Hamilton’s Bar & Grill

6341 N. Broadway (6400N, 1200W) Chicago, IL 60660
(773) 764-8133)

Editor’s note: since this page was originally written, Hamilton’s has undergone a transformation from pub to “bar & grill.” I haven’t been inside, but the cool marquis and awnings are gone and the wooden facde has been painted green and red (making it look like Emerald Isle and just about any other “Irish” pub in Chicago you can think of.

Hamilton’s is everything you’d want in a college bar: it’s big, offers cheap booze and pub grub, and has a long history of getting local university students loaded. While more seasoned bar-goers might avoid it like the plague citing its dingy surroundings and a crowd that would make someone in their mid-20s feel old, Hamilton’s attracts Loyola students in droves. Throw in a certain kind of charm that only a 75-year-old pub can possess and you’ve got a bonafide Chicago classic that ranks up there with other hugely popular college joints like Kelly’s Pub (DePaul), Hawkeye’s (UIC), Woodlawn Tap (U of C), and Tommy Nevin’s (Northwestern).

Sometimes referred to as Hamilton’s Lounge, Hamilton’s Pizza & Pub or just “Hammy’s,” the bar correctly known as Hamilton’s Pub can be found way up north on Broadway, just south of Devon and next to an odd six-story red brick building with too few windows in the Edgewater neighborhood (which itself is sometimes mistaken as Rogers Park or Uptown). The pub can easily be spotted with its bright green painted woode façade. Sadly a fairly mundane sign replaced the giant, ageing, Gold Star-like marquis, that once hung over a green & white striped awning that stretches to the street. As you walk in, be sure to have your fake ID ready for the bouncer. Cute girls will have no problems getting in and guys will have to fork over $3 during peak times (Thursday through Saturday).

Once inside, you’ll find a worn wooden palace. The floor, tables, stairs leading up to the apartments above, and long wooden bar that runs along the north end of the room have soaked up more cheap beer than Harry Caray did in all the Cub games he broadcasted (speaking of which, Harry would no doubt be amused to know that Hamilton’s spelled backwards is snot-limah). Just about the only thing that isn’t made of wood is the cement ceiling with several fans hanging from it. A smattering of taps spew forth more domestic swill into glass steins than you can shake a stick at. “The on-tap beer selection is poor, but you don’t want to drink it anyway. The sign out front says Hamilton’s was established in 1933 and I would bet the taps haven’t been cleaned since day one. There is a weird taste to all the on-tap beers that is unsettling and if you happen to get really drunk on pitchers it makes for quite a hangover the next day. Opt for bottled beer.” Cautionary words, from former Loyola student Big Joe. Behind the bar a cheeky sign exclaims, “FREE BEER TOMORROW” over a Southern Comfort drinks machine as three televisions help regulars pass the time during the day and join eleven other boob-tubes as background din at night. Additional seating can be found at tables by the pay phone and in front of windows looking onto Broadway.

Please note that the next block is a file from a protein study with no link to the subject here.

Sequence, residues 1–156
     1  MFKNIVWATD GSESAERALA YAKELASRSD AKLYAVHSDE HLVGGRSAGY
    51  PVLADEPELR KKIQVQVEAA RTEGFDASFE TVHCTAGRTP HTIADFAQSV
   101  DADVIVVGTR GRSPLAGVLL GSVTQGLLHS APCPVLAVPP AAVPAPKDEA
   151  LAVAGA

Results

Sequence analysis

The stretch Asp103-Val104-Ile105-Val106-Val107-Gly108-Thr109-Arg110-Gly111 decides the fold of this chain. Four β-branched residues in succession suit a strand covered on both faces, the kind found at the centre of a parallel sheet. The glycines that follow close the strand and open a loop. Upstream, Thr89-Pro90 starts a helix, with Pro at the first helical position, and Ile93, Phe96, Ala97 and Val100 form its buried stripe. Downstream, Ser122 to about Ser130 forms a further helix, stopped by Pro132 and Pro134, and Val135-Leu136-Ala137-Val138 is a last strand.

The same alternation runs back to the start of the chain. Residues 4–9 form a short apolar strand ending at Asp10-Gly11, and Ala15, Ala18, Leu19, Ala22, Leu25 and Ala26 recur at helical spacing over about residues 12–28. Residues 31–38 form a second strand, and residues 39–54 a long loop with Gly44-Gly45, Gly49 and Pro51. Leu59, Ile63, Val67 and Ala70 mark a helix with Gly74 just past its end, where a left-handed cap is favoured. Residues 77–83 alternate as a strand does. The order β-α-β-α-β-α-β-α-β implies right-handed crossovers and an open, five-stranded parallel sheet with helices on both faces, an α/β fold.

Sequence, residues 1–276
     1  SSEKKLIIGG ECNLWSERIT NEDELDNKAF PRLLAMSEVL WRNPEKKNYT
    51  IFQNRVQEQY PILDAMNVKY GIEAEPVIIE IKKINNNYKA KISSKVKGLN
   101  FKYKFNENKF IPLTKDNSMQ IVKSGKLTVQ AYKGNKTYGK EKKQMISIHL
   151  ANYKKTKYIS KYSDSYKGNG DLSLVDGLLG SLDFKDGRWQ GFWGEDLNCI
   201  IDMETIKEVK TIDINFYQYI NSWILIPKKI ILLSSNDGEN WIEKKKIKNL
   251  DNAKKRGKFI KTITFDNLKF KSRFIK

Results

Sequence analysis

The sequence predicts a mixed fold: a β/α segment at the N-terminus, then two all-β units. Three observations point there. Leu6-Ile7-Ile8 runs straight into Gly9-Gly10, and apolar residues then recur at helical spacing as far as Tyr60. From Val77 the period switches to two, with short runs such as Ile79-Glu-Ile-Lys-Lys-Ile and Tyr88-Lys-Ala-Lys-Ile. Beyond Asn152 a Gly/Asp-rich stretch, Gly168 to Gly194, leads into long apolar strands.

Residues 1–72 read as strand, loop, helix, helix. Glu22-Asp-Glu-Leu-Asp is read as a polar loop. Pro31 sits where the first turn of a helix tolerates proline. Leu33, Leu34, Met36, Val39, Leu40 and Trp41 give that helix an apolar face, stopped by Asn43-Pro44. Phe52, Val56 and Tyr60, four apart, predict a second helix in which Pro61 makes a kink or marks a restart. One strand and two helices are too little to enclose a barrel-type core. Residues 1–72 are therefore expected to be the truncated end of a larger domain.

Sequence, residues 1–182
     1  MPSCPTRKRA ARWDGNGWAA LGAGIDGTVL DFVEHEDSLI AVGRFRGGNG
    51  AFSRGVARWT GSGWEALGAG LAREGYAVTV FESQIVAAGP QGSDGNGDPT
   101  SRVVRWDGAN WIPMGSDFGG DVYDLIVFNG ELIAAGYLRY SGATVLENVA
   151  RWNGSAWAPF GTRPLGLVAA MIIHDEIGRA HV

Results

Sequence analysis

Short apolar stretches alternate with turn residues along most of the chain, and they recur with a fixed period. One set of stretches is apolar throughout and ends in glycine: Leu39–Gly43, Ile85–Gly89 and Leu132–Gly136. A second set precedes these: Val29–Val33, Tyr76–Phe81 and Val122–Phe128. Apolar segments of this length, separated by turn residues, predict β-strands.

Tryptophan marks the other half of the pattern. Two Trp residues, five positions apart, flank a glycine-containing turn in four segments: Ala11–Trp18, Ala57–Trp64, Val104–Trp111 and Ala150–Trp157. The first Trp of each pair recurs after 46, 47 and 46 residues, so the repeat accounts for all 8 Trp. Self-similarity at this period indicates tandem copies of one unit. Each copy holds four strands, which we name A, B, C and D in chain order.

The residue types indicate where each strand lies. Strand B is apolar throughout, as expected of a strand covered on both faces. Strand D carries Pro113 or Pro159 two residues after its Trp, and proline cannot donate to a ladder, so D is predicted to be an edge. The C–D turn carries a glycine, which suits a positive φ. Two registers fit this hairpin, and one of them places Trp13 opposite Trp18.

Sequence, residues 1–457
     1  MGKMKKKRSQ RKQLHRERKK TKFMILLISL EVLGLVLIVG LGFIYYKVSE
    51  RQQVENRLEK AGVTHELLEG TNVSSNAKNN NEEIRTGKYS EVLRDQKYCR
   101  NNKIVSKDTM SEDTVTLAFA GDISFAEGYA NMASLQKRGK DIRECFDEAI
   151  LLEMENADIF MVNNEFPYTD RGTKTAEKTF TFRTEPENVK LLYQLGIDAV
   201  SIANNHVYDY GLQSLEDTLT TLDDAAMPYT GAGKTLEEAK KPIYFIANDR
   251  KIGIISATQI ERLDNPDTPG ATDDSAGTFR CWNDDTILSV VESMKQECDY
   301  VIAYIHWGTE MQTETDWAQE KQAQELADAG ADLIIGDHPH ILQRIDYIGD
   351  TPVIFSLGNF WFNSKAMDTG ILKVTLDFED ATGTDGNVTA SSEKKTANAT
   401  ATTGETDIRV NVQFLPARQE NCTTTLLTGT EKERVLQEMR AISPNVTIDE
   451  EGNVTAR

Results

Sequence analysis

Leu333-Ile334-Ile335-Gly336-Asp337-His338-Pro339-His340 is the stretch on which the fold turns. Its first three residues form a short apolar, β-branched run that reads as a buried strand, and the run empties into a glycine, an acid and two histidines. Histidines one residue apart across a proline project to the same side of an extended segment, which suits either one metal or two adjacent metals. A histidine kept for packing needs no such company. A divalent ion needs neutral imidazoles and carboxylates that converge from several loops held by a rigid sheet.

Stepping past the Golden Tee cubbyhole in the front room, you’ll find a rear area that features a tiny pool table and a few pinball machines. Through a passage beyond this mini arcade is another room that makes up the south end of the establishment. This area is filled with exposed brick, low-rider tables, and banquet hall chairs and is closed off during the day. In the back, you’ll find a cat’s eye-shaped bar, dozens of bar stools and a dance floor. The latter of which draws hordes of students primarily from Loyola and also from Northwestern who emerge from their cliques to get to know their classmates better while old school rap and the latest overplayed college rock blares over the sound system. Bands are occasionally featured for a small cover charge.

Like the beer selection, the pub grub at Hamilton’s is nothing to write home about. On the other hand, there’s a good selection of fried appetizers, large sandwiches and greasy pizza. Even a few salads can be found. The most notable specialties are the Hamilton Burger, made up of a half-pound grease patty topped with three kinds of cheese, bacon, mushrooms and onions, and the Broadway Burger, which is swimming in chili, cheese, onions, and bacon to top it off. Both rival that of nearby Moody’s Pub. You can feel your arteries hardening just thinking about it, can’t you? My own experience is that the food is decent, the fries are weak, and there were semi-melted Kraft cheese slices on my chicken caliente (served also with cholula sauce and jalapenos). Whatever you order, you’d be hard pressed to spend more than $8 on food, particularly with a rotating selection of daily specials. Half-sized pitchers of Bud & Bud Light for $4.50 on Saturday nights help ensure that your Sunday morning is as difficult as your last calculus exam.

“Loose lipped doorman boasted to author, ‘Hell, 80 percent of our clientele is underage.'”

Official Chicago Bar Guide (2001)

Even though the wet t-shirt contests and flame-blowing bartenders are a thing of the past, Hamilton’s is still one of the best places to get your drink on, eat cheap, pick up college students, watch Wildcat football and Rambler basketball, and karaoke on Monday nights. As a result, Jerry Sheehy’s loveable dive has often been nominated for Best College Bar/Club in Citysearch and Metromix, and Best Bar by the Edgewater Chamber of Commerce. Not bad for a bar that’s been around since the Great Depression, back when the joint was owned by Richard Doan & Sons. For more information, check out the Hamilton’s Bar & Grill website. Go Ramblers!